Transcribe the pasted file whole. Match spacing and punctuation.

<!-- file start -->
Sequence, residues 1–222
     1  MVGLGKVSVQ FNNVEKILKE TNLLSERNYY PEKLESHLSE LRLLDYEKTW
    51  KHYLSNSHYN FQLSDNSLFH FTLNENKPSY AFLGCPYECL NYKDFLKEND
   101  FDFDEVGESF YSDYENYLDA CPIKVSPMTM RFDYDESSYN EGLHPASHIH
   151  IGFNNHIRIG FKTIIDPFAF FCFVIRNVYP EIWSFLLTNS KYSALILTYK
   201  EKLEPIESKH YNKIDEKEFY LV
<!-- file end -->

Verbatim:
Sequence, residues 1–222
     1  MVGLGKVSVQ FNNVEKILKE TNLLSERNYY PEKLESHLSE LRLLDYEKTW
    51  KHYLSNSHYN FQLSDNSLFH FTLNENKPSY AFLGCPYECL NYKDFLKEND
   101  FDFDEVGESF YSDYENYLDA CPIKVSPMTM RFDYDESSYN EGLHPASHIH
   151  IGFNNHIRIG FKTIIDPFAF FCFVIRNVYP EIWSFLLTNS KYSALILTYK
   201  EKLEPIESKH YNKIDEKEFY LV